Saturday offered a preview of what might be most of the new coaching staff.
Two targets of new coach Michael Malone attended predraft workouts at the Kings' practice facility.
One coach was already working.
Chris Jent, who spent the last two seasons as an assistant at Ohio State, was on the court in Kings attire, helping with the workouts.
Roy Rogers, who spent last season with the Detroit Pistons, watched the latter portion of the morning session from the sideline.
"There's nothing formal on that," Malone said of his coaching staff. "Obviously I have some guys that I'm definitely looking at on that.
"I'm going to try and hire the best staff I can, and when I'm ready to announce that, we'll let you guys know."
The only coach confirmed by Malone is his father, longtime NBA coach Brendan Malone.
A source indicated Jent's hiring as Malone's lead assistant is imminent.
Rogers, who has gained praise for developing Detroit rookie center Andre Drummond this season, is being courted by multiple teams.
Malone said he plans to hire four assistant coaches and two player development staff members.
"For me, having player development staff is so important," Malone said. "(Staff) that can spend time with these guys, whatever time that may be. We always want to have our gym covered, and if guys want to come back late at night, we want that to be accessible for them."
Malone is very familiar with Jent. They have a long history as playing opponents and as coaching colleagues with the Cleveland Cavaliers.
"We worked together before," Malone said. "We played against each other back in high school, and he's recruited a lot of the top players in the country (at Ohio State)."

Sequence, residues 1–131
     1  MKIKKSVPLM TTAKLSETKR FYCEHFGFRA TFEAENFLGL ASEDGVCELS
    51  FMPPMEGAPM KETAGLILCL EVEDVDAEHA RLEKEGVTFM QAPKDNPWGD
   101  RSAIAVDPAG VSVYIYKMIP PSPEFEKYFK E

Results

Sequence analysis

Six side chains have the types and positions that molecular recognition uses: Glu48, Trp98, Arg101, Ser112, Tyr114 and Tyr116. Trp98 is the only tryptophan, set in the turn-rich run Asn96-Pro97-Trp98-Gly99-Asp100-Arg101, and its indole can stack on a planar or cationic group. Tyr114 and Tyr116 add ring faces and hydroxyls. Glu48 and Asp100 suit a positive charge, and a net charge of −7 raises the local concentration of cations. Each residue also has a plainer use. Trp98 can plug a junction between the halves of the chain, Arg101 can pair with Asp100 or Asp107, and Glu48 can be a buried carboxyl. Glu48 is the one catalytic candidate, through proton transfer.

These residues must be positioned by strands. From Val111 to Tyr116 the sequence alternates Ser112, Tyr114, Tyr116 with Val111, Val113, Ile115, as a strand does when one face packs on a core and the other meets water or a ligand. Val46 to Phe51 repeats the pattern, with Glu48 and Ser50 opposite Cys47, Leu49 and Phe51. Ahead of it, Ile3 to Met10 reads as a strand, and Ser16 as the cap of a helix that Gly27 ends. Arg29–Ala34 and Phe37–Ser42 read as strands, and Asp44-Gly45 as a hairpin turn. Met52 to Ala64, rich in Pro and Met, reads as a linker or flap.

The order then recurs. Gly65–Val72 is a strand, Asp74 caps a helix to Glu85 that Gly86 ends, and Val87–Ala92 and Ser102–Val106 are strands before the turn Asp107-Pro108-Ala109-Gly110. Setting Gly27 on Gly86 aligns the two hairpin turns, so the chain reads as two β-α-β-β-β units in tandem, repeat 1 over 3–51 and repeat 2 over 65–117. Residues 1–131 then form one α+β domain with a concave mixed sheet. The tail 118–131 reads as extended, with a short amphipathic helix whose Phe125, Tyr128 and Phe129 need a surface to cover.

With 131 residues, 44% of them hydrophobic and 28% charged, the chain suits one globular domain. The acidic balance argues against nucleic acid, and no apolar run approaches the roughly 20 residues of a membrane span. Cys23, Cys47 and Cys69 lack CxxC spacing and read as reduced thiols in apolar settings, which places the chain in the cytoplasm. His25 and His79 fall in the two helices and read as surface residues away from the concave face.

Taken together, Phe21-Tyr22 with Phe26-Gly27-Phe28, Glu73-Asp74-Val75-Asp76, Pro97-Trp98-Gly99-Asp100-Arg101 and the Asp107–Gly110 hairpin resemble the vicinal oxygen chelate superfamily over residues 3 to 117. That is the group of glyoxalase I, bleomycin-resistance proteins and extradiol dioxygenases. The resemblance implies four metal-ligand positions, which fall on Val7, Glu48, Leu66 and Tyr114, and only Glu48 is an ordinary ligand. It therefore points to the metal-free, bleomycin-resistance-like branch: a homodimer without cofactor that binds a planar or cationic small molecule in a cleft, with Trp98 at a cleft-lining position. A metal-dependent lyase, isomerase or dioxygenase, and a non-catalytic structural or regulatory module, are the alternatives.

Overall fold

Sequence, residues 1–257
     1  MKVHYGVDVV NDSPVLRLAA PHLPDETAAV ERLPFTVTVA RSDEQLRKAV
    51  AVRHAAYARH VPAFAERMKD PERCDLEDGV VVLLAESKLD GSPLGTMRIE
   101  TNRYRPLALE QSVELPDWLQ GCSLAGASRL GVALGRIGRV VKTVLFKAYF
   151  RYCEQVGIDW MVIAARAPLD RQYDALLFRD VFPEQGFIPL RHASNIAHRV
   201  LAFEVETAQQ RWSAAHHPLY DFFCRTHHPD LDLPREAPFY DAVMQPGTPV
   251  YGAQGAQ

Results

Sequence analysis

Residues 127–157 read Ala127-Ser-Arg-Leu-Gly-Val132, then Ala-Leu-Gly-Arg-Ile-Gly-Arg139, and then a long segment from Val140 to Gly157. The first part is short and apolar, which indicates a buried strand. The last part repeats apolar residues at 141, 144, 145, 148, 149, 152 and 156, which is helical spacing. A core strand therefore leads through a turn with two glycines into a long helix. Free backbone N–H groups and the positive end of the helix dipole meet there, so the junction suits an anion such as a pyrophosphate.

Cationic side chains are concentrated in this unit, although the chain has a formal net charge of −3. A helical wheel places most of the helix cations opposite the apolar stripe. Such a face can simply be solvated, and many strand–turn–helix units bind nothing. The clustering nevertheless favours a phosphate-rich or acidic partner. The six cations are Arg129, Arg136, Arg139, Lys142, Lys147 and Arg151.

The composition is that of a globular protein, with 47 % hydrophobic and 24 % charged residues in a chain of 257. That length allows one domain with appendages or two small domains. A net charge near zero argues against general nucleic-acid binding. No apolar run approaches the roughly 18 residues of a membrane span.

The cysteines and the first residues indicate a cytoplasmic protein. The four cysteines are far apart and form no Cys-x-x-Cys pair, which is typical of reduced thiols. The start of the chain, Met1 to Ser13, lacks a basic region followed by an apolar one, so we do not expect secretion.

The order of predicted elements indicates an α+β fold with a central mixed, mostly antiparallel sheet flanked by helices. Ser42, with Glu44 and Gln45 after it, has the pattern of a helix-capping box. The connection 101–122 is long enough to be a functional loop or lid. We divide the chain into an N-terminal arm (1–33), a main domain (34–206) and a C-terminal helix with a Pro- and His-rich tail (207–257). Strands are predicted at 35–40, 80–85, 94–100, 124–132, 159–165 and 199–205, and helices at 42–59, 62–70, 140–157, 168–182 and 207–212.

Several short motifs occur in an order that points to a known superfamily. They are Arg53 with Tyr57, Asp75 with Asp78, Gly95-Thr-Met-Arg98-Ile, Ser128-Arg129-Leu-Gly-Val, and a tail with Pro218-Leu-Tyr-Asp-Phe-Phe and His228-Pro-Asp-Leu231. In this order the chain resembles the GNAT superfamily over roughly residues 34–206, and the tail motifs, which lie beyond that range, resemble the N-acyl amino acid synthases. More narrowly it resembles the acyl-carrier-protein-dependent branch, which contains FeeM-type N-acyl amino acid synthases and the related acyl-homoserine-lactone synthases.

That recruiting experience is helpful because Malone is still catching up on prospects for the NBA draft on June 27.
The Kings hosted two predraft workouts Saturday, with the morning session featuring two possible picks by the team at No. 7 overall.
Syracuse guard Michael Carter-Williams and Lehigh guard C.J. McCollum are considered top-10 selections.
Carter-Williams is a 6-foot-6 point guard. McCollum is a 6-3 point guard who also can play shooting guard.
Carter-Williams' size and savvy make him appealing while he works on his perimeter shooting.
"I'm trying to show (coaches) my jump shot has improved and that I can defend," Carter-Williams said. "Just everything that I've been working on."
Carter-Williams averaged 11.9 points and 7.3 assists as a sophomore last season but shot 39.3 percent from the field and 29.2 percent on three-point attempts.
McCollum might be the best shooter in the draft.
He averaged 23.9 points as a senior, shooting 49.5 percent overall last season and 51.6 percent on three-point tries.
McCollum said he received positive feedback from Malone.
"He likes the way I shoot the ball; he likes how I change speeds," McCollum said. "We'll see what happens."